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Supreme Court divided on LGBTQ job discrimination protections under Title VII

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Demonstrators are arrested as they block the street outside the Supreme Court during oral arguments in three cases on LGBTQ discrimination protections in Washington, D.C., on Tuesday. Photo by Kevin Dietsch/UPI | License Photo

Oct. 8 (UPI) — The Supreme Court appeared divided on Tuesday after hearing arguments regarding whether current federal law barring employment discrimination on the basis of sex includes gay and transgender people.

By next year, the Supreme Court will decide whether Title VII of the Civil Rights Act of 1964 protects people against discrimination based on their gender identity, which could have wide-ranging implications on current protections for the LGBTQ community and employment.

The court heard arguments in the case of a transgender employee who was fired from a Detroit-area funeral home after informing the owner of plans to transition from male to female and began dressing as a woman, and the firings of two gay men in Georgia and New York.

The court’s four liberal justices denounced the firings and clearly stated that all three should be protected by a statutory ban on sex discrimination.

Justice Samuel Alito said that including sexual orientation in Title VII is “a different policy issue from the one that Congress thought it was addressing in 1964,” but Justice Ruth Bader Ginsburg countered by noting Congress also hadn’t considered sexual harassment at the time, but courts later ruled it should be prohibited by civil rights law.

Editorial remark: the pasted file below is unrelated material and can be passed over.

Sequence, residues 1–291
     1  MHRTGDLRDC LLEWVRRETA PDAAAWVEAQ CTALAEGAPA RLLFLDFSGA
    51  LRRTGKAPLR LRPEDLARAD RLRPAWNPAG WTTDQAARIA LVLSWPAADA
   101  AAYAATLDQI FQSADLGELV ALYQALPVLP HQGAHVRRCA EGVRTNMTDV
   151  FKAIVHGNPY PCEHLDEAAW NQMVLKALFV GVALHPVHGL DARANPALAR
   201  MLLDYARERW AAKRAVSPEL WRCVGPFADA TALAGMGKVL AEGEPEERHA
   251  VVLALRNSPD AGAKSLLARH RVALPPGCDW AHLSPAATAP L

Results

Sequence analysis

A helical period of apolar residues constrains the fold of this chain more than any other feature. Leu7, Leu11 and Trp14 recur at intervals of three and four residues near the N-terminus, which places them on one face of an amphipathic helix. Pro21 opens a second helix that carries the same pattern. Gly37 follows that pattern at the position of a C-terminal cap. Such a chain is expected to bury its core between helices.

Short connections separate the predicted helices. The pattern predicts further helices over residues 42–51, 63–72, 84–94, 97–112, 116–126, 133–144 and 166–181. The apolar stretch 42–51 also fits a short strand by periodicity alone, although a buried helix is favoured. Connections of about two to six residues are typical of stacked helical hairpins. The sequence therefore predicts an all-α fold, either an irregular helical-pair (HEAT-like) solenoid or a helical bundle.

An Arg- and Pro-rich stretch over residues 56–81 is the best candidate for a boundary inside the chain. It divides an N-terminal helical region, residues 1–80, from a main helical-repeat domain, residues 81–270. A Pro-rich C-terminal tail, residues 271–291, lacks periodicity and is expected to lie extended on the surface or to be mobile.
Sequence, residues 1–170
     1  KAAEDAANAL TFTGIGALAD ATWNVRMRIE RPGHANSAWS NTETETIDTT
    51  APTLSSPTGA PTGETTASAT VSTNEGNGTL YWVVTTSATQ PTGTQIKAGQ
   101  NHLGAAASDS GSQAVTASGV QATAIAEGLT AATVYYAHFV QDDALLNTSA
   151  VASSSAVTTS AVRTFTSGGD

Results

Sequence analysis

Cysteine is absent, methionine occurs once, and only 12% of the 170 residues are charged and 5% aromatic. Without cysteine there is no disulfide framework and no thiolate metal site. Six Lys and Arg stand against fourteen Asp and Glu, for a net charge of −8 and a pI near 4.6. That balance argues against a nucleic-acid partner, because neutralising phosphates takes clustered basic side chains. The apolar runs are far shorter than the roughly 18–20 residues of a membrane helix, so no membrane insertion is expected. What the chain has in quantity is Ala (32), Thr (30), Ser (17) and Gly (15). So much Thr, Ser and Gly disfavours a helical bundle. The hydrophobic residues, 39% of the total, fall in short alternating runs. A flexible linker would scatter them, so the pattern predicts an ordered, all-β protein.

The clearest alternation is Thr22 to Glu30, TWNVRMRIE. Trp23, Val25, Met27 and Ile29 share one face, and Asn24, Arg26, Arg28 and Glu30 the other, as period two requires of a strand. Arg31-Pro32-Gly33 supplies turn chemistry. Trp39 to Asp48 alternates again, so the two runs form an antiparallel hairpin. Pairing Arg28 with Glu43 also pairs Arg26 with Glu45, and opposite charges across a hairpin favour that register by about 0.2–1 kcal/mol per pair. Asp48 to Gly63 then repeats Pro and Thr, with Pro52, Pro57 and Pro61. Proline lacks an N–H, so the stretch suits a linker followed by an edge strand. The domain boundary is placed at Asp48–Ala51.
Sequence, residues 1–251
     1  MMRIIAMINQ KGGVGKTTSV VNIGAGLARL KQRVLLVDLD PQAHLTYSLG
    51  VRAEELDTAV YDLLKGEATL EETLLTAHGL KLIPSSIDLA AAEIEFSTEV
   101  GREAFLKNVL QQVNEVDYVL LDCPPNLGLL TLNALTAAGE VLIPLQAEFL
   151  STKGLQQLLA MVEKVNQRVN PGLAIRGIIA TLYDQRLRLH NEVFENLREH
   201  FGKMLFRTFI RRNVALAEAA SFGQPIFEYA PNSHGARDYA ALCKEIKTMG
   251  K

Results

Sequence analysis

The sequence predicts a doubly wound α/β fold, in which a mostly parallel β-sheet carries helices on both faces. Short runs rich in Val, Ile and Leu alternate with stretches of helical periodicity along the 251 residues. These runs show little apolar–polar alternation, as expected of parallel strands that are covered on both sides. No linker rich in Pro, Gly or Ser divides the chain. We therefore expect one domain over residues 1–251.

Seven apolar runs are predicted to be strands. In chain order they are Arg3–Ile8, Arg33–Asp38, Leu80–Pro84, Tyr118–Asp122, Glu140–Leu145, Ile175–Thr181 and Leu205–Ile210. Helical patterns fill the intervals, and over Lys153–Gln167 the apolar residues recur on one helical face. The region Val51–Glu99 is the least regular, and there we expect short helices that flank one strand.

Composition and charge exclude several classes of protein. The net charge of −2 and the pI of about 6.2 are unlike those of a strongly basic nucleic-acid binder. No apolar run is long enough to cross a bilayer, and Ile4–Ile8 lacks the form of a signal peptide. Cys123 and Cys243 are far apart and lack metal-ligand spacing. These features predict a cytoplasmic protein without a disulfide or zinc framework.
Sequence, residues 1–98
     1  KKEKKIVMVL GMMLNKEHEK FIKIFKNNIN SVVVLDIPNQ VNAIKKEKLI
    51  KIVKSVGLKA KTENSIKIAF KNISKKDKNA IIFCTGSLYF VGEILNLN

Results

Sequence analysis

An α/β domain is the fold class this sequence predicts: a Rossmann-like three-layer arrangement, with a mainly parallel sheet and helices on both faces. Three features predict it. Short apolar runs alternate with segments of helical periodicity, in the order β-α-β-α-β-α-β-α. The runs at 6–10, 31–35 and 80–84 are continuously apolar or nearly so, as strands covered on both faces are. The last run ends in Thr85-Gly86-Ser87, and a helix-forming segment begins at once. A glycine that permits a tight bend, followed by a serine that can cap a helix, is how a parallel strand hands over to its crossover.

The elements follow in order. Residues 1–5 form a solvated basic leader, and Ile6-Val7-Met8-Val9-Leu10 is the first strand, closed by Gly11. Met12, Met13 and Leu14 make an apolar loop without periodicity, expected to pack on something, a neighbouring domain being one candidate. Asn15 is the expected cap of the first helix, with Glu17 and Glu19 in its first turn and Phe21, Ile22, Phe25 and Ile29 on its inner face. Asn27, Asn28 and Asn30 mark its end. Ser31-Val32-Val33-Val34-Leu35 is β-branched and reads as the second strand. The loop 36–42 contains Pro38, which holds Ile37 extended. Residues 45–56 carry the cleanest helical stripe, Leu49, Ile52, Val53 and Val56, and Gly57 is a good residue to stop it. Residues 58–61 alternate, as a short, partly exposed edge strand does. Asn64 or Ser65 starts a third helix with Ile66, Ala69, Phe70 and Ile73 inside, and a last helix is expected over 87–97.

Justice Sonia Sotomayor questioned at what point the court can continue to allow invidious discrimination.

“We can’t deny that homosexuals are being fired just for who they are,” she said.

Justice Neil Gorsuch, who was appointed by President Donald Trump, said the “massive social upheaval that would be entailed in such a decision” would be best decided by Congress.

“It’s a question of judicial modesty,” he said.

The Alliance Defending Freedom, the conservative firm representing the funeral home owner, has argued that it is up to Congress to determine if sexual orientation and gender identity should be protected under the civil rights law and not the courts.

“The argument that we have made, and that a number of lower courts have accepted, is that discrimination on the basis of sexual orientation and discrimination on the basis of transgender status are essentially subsets of sex discrimination,” said David Cole, legal director of the American Civil Liberties Union, which is defending the plaintiff.

Meanwhile, U.S. Capitol Police removed two suspicious packages from in front of the Supreme Court in Washington, D.C., Tuesday morning as arguments were set to begin in the case.

Supreme Court spokeswoman Kathy Arberg said the packages were found close to the building, near the intersection between the court, the Capitol and the Library of Congress at about 8 a.m.

Police cleared protesters from around the building after the packages were located, forcing authorities to close some streets in the immediate vicinity around the Supreme Court. The packages were eventually removed without incident.

Authorities said they did not have to evacuate the Supreme Court itself and things returned to normal by 10 a.m.





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